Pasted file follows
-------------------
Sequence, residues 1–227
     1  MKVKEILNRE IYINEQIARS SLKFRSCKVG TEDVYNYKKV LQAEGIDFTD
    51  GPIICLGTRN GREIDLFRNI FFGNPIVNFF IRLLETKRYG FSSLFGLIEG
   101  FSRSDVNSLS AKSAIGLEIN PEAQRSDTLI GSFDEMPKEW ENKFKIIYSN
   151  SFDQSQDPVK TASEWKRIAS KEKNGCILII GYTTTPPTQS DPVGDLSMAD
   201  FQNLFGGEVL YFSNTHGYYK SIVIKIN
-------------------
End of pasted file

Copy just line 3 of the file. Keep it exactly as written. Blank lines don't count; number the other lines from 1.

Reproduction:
    51  GPIICLGTRN GREIDLFRNI FFGNPIVNFF IRLLETKRYG FSSLFGLIEG